Morris and Randoll aren’t the only employees who feel this way. Deedra McElroy, who has been a licensed practical nurse with the veterans’ hospital for 17 years, said her favorite aspect of working for the hospital is the interaction with the patients.

“This place has humbled me in more ways than one,” McElroy said. “There are things we take for granted. And being around veterans makes you appreciate your freedom and the work they’ve done.”

McElroy added that throughout her career at the hospital she’s had the opportunity to create a friendship and bond with many of her patients. Not only has her life been touched by the veterans’ camaraderie, but she explained that as her children have grown up, they’ve also had the opportunity to meet veterans and be humbled by those who have served our country.

On the right side of McElroy’s office hangs a beaded angel. She explained it is one of the many gifts her patients have given her throughout the years. The patients McElroy sees become like family to her, she said.

One of her goals is to prevent future patient illnesses or health complications by encouraging patients to make needed changes in their diets or exercise routines.

“I joke with them and they absolutely love it,” McElroy explained when asked how she helps patients make lifestyle choices that they may initially find difficult to alter.

McElroy said she has brought in cans of vegetables if patients need to add veggies to their diet. She takes the time to understand each patient’s needs, get them ready to see their primary care doctor and make sure each one leaves her office knowing what they need to do to stay healthy outside of the VA health care system.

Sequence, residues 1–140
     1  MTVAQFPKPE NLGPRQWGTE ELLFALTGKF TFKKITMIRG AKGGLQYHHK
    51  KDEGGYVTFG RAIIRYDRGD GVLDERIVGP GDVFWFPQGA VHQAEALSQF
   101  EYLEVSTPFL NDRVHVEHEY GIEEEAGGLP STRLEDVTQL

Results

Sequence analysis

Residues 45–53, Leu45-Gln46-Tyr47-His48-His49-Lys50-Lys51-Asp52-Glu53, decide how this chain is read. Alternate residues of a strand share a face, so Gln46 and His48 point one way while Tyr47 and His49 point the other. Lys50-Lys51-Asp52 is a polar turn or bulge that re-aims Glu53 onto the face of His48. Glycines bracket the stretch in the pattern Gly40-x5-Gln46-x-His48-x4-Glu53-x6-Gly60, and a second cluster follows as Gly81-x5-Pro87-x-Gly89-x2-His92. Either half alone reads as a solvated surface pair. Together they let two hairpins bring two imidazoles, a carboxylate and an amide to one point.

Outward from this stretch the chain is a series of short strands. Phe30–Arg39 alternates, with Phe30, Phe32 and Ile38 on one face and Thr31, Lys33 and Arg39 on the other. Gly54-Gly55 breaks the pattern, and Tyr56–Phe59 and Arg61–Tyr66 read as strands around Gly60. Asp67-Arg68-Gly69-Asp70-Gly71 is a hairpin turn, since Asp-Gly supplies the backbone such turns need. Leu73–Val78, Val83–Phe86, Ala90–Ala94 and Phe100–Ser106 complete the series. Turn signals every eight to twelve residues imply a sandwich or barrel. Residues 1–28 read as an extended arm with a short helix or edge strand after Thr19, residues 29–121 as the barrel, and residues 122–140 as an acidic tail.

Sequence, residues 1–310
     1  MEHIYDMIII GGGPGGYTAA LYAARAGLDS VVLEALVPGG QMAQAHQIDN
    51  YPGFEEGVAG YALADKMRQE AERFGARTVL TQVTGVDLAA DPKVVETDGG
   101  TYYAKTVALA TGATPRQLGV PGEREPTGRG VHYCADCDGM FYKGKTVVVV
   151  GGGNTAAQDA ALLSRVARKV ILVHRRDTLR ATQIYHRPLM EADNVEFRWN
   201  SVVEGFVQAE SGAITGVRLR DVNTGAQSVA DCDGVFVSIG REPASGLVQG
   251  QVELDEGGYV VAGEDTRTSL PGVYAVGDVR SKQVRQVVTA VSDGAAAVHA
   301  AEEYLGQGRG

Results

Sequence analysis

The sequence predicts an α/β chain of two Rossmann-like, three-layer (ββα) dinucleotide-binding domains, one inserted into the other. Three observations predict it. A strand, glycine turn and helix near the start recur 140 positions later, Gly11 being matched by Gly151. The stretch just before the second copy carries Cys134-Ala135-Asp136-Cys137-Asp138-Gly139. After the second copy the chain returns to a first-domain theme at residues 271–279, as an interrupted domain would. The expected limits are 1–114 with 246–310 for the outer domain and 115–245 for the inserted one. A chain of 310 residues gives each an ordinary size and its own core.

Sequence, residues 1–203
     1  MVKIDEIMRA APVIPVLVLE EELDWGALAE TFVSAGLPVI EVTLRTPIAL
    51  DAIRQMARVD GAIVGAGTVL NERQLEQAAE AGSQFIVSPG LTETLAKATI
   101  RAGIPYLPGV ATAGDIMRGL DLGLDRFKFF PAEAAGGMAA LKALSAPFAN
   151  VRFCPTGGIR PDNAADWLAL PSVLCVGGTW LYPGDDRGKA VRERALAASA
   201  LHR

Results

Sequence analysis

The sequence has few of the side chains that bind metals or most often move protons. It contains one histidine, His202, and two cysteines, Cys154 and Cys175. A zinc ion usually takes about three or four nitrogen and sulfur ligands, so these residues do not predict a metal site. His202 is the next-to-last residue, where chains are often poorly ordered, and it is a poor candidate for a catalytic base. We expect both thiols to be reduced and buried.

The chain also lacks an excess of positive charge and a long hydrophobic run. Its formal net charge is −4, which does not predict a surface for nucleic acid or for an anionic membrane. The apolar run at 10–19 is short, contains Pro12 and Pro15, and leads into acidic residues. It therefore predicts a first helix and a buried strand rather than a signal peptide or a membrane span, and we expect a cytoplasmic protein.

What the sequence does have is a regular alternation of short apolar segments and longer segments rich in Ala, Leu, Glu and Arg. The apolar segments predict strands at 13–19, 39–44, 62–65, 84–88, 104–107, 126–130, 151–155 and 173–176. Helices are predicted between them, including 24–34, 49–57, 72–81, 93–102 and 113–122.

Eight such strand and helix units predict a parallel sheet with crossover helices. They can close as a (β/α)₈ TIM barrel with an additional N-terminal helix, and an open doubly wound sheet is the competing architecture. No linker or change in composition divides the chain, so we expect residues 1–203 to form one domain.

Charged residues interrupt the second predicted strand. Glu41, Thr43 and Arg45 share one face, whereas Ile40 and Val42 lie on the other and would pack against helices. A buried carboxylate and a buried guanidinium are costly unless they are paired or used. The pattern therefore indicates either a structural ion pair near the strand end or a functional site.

A change in leadership has also been attributed to strengthening the health care system’s way of doing things. David Isaacks, who began working for the organization in June 2016, has really focused on employee engagement, Gaither said.

“My perspective of leadership is about being present and accessible to employees,” Isaacks said.

Isaacks said the veterans’ hospital had been known as a great hospital for years before he arrived. When he came on board, he thought that strengthening employee engagement would take the team to the next level.

Isaacks, who served in the Marine Corps, said his goal is to provide America’s heroes with the best care they can receive, and he knows it starts with the respect and care he shows his staff. He said he strives to recognize those who work hard, bring in modern technology to care for patients and stay in contact with everyone involved.

“The No. 1 driver for customer satisfaction is employee satisfaction,” Isaacks added.

Results from the survey will be used to further develop employee engagement plans for individual work areas, Gaither said. Last year the veterans’ hospital added a GEMBA board, which helps employees within individual departments bring new ideas to the table, fix any concerns they may have and communicate efficiently as a team.

“We want to invest in our employees,” Gaither said, “which in turn is an investment in our patients.”

Supervising editor is Mike Jenner:, 884-2270.